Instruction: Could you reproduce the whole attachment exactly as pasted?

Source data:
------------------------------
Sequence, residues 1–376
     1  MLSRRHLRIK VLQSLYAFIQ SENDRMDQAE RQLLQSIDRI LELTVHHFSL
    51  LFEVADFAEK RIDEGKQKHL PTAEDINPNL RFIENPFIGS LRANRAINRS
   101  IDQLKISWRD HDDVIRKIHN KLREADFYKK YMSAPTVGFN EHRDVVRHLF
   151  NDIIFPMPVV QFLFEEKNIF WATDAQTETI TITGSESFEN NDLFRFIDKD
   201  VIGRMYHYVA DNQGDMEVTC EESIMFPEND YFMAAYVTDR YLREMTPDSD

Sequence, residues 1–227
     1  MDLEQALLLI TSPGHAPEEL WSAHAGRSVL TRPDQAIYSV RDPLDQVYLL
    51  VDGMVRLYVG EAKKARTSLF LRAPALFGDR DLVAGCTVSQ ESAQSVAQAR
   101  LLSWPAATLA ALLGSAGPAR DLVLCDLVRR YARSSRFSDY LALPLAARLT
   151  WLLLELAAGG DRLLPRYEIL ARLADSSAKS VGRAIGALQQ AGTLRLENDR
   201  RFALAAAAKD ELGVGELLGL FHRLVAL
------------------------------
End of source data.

Sequence, residues 1–376
     1  MLSRRHLRIK VLQSLYAFIQ SENDRMDQAE RQLLQSIDRI LELTVHHFSL
    51  LFEVADFAEK RIDEGKQKHL PTAEDINPNL RFIENPFIGS LRANRAINRS
   101  IDQLKISWRD HDDVIRKIHN KLREADFYKK YMSAPTVGFN EHRDVVRHLF
   151  NDIIFPMPVV QFLFEEKNIF WATDAQTETI TITGSESFEN NDLFRFIDKD
   201  VIGRMYHYVA DNQGDMEVTC EESIMFPEND YFMAAYVTDR YLREMTPDSD

Sequence, residues 1–227
     1  MDLEQALLLI TSPGHAPEEL WSAHAGRSVL TRPDQAIYSV RDPLDQVYLL
    51  VDGMVRLYVG EAKKARTSLF LRAPALFGDR DLVAGCTVSQ ESAQSVAQAR
   101  LLSWPAATLA ALLGSAGPAR DLVLCDLVRR YARSSRFSDY LALPLAARLT
   151  WLLLELAAGG DRLLPRYEIL ARLADSSAKS VGRAIGALQQ AGTLRLENDR
   201  RFALAAAAKD ELGVGELLGL FHRLVAL